The light shining on Rosie gives the photo a deeply spiritual quality for me.  It reminds me of the beautiful poem, Desiderata written by Max Ehrmann 1927

She is just one tiny child, but ‘she is a child of the universe, no less than the trees and the stars’, and she has a right to be here.  Like every child she also has other rights:~ to love, shelter, health, education, equality, protection, and to be treated with humanity, respect and compassion.

I worked with children all my life but now that I am retired my time, energy and funds are limited.  However I have found one small, local charity with minimal administration costs that punches well above it’s weight in working with children who are less fortunate for one reason or another.  It is called Hands Around the World and I would urge you to click on the link, find out what they do, and see if there is anything you could do to support their work.  Or look them up on Facebook if you are a member.

 

Wet and Windy in Wiltshire

Weekly Photo Challenge ~ Rule of Thirds

Ben and Rosie set out on a treetop adventure

Ben and Rosie set out on a treetop adventure

 

This week was half term for the local schoolchildren.  As often happens, the weather, which had been mild for February, decided to turn nasty, wet, windy, and very cold.  Now I know from my daughter who is snowed up in Vermont that we have nothing to moan about in the Cotswolds, but I did feel sorry for the families who had planned to have days out during the holiday.  As I take my grandmother duties very ‘seriously’, I had planned all sorts of exciting things to do with my own adorable grandchildren.  There are lambs being born at the farm park, there is a baby rhino at the wildlife park, and the woods are full of snowdrops.  Oh what fun we could have ~ if it would only stop raining!  Undeterred we opted to go to Lydiard Park early to see if we could have some fun.

Having never been there before I decided to let the SatNav direct me.  This caused great hilarity as I had set it to stay off the motorways and we ended up on some of the tiniest country lanes with the weirdest names.  We made up a game of seeing who could find the funniest or strangest name.  I kid you not we found a house called Tadpole cottage, at the end of Tadpole Mews, in Tadpole Lane in a place called Tadpole Garden Village!  It is a new village built on the site of… you guessed it…. Tadpole Farm!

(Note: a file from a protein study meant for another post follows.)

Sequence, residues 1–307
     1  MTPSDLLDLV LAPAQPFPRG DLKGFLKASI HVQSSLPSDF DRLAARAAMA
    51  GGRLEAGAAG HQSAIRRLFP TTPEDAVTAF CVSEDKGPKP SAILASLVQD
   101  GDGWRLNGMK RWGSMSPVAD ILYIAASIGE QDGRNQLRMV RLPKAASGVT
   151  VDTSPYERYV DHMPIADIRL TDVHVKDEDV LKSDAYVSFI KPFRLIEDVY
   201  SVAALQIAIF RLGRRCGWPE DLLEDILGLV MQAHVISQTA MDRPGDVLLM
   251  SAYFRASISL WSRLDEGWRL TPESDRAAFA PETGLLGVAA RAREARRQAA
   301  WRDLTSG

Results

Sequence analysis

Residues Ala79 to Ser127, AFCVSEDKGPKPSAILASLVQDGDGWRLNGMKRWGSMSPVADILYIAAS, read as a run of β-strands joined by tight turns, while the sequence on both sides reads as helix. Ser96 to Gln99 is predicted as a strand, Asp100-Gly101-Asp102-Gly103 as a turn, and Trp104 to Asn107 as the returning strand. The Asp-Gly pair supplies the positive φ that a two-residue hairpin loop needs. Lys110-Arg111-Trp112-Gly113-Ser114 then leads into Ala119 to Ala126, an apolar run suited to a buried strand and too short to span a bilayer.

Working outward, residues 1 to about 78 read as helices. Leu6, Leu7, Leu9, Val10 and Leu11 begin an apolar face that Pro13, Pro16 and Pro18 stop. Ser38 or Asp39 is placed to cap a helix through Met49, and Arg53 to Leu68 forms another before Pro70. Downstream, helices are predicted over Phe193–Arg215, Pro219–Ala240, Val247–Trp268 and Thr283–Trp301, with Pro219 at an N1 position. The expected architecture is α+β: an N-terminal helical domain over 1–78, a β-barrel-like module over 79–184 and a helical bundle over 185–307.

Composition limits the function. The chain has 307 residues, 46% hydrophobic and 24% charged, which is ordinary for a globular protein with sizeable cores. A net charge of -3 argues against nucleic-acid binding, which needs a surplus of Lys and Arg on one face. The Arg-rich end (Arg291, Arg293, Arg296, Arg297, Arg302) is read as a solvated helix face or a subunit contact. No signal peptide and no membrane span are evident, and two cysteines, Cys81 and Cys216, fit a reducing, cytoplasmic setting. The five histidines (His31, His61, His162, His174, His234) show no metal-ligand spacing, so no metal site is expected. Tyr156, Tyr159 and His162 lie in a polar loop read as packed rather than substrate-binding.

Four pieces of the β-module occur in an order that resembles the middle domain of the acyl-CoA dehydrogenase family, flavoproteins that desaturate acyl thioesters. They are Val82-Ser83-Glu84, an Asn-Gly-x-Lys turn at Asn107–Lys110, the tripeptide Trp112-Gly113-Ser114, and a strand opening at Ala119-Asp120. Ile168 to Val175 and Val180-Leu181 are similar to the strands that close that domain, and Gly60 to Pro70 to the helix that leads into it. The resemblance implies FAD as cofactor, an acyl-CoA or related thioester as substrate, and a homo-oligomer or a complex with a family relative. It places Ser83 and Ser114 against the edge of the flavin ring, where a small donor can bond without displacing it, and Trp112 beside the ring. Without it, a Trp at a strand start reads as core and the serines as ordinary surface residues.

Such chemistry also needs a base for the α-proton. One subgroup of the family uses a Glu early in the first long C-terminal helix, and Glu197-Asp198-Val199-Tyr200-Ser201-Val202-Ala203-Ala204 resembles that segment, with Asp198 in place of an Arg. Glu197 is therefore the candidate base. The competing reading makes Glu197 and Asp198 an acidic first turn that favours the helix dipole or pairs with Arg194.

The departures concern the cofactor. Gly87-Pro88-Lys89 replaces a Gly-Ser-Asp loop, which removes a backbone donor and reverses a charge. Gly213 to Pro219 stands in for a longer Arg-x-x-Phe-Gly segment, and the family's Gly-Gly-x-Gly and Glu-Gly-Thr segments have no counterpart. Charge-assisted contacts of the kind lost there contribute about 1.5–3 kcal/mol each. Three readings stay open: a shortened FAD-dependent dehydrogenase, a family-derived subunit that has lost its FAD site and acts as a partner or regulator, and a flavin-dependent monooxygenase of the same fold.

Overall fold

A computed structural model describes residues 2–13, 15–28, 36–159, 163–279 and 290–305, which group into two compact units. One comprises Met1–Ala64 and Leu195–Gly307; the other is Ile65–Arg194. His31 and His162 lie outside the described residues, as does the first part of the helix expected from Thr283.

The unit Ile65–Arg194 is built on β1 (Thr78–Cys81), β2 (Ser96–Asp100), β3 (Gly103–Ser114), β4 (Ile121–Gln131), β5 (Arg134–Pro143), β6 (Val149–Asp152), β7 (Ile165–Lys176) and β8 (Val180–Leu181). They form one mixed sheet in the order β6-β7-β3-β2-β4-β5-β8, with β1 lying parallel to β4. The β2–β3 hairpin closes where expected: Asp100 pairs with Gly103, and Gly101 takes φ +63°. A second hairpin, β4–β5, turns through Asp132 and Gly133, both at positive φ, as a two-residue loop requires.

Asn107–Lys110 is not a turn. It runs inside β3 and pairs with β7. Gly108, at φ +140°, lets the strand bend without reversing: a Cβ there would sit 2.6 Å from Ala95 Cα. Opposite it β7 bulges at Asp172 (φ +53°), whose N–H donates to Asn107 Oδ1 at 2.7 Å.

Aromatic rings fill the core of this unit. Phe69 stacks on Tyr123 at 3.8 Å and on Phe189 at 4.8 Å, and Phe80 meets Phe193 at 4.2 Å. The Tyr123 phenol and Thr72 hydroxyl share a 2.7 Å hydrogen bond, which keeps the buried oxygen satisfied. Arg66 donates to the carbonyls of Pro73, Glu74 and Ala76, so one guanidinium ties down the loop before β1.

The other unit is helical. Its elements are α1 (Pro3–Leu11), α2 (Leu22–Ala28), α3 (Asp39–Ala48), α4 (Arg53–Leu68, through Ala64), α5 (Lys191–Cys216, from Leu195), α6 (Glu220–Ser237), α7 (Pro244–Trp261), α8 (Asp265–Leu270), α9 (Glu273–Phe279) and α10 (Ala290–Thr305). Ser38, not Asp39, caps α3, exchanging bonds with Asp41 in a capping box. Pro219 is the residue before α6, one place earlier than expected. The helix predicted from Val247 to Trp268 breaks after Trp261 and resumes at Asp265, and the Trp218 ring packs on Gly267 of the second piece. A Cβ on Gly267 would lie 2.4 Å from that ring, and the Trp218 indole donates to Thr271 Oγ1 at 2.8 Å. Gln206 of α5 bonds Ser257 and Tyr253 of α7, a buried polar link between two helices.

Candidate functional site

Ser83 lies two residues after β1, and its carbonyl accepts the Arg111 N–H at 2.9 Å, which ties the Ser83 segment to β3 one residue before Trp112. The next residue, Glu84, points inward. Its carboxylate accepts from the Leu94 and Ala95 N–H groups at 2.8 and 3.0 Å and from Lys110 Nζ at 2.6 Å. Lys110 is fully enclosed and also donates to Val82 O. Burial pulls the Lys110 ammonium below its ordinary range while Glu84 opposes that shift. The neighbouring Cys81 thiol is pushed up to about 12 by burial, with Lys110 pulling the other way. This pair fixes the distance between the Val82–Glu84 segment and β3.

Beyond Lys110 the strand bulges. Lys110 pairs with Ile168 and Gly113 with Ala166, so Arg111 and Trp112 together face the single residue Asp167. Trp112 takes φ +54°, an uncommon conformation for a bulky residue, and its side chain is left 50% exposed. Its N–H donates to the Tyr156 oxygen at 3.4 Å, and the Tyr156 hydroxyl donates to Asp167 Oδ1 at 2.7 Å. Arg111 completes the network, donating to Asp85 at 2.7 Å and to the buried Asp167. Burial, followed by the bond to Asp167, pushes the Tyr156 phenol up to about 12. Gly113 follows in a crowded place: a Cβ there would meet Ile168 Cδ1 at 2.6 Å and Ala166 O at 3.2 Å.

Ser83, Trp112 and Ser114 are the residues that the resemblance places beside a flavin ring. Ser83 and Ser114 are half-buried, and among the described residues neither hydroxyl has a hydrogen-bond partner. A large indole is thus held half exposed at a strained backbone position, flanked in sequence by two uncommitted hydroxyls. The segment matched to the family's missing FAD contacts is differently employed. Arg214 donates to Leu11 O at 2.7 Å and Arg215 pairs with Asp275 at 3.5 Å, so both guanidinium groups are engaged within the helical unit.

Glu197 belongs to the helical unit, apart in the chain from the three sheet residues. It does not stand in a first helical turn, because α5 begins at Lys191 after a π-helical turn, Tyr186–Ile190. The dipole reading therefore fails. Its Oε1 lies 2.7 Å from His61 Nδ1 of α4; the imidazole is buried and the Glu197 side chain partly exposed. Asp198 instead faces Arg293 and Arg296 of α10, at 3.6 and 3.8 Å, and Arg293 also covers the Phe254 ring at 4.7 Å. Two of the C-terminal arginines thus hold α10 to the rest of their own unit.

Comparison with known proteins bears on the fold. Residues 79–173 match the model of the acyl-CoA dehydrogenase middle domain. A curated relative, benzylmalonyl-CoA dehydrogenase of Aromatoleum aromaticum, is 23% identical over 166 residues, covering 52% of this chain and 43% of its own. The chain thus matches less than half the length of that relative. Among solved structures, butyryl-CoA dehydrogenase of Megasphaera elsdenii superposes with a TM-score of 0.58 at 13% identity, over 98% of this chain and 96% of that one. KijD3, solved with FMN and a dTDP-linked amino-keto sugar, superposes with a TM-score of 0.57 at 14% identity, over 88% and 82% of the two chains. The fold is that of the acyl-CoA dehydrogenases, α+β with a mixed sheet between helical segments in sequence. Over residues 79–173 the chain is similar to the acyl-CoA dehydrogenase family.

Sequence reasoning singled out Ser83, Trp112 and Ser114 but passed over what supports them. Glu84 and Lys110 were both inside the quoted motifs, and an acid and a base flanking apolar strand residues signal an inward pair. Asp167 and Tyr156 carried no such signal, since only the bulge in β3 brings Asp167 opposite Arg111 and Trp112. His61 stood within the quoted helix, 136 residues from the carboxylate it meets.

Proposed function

At last, and in a very cheerful mood, we reached our destination.  Lydiard Park is a beautiful historic estate in Wiltshire.  Back in medieval times, there was a deer park and manor house on the land as well as St Mary’s Church.  The estate as we see it today dates back to Elizabethan times and was owned by the same family for over 500 years until 1943.  There is a beautiful Palladian House, the medieval church and a restored walled garden, set in 260 acres of parkland.  In the grounds there is a lake, woods, sweeping avenues which are great for walkers and cyclists, and a superb ice house.

Despite the rain we had a great time.  The children braved the treetop adventure course which has over 50 hair-raising activities including zip wires, cargo nets, Tarzan swings, see-saws, rocket slides, wobbly logs, and tree trekking.  We warmed up and drip-dried in the café drinking hot chocolate before setting off to take photos of the snowdrops and the ice house.

 

I wanted to use my photos for the Weekly Photo Challenge but I really am not sure that I have the skills.  I could blame the weather, or my iphone camera but really I just haven’t understood the Rule of Thirds.  I took some photos of my garden hellebores and tried to crop them to the rule of thirds. Did it work?  Do let me know how I could improve.

 

Family ~ Weekly Photo Challenge


Many years ago, it seems like another lifetime, I was a busy single mum to 4 wonderful children. I had a full time job that I loved, a nice home that was all my own work, an adorable miniature wire haired dachshund and a stray cat who turned up one day and stayed for 17 years. Over the years I progressed from teacher to deputy head and then Headteacher of a great primary school at the heart of an estate in my adopted home town. Luckily my profession fitted in perfectly with being a single parent as I was usually around in school holidays and always at weekends. But if ever there was a crisis due to illness or something I had the backup of my mum who lived nearby and was always delighted to look after the children or pets!

My school and parish was my community and together with my family, was the source of all the joy, friendship and social life I needed. Although I knew my immediate neighbours, my life was much too busy to get involved in the local community or the people in the wider neighbourhood.

And so life went on and my children became adults and gradually left home. I had always encouraged them to follow their dreams and take any opportunity they could to travel and sample other ways of life and other cultures. I was lucky enough to travel extensively through my job, working with schools in Russia and Africa. I also took great holidays in America, Canada and many parts of Europe. So I think I probably went a bit too far with this advice as now 3 of my children live and work abroad!

As my children grew more independent I filled my spare time travelling to Lourdes at every available opportunity as a volunteer/helper with the sick or disabled whom we called VIPs. This was one of the most rewarding 10 years of my life. It also indirectly brought me my wonderful second husband who was also a volunteer.